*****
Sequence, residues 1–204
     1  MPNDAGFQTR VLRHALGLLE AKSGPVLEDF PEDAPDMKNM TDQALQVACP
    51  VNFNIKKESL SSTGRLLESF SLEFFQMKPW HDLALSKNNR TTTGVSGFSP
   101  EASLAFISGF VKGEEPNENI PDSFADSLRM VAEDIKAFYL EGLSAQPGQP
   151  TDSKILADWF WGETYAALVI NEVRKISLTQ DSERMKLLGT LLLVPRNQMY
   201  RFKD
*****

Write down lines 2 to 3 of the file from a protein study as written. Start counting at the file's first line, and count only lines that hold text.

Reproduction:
     1  MPNDAGFQTR VLRHALGLLE AKSGPVLEDF PEDAPDMKNM TDQALQVACP
    51  VNFNIKKESL SSTGRLLESF SLEFFQMKPW HDLALSKNNR TTTGVSGFSP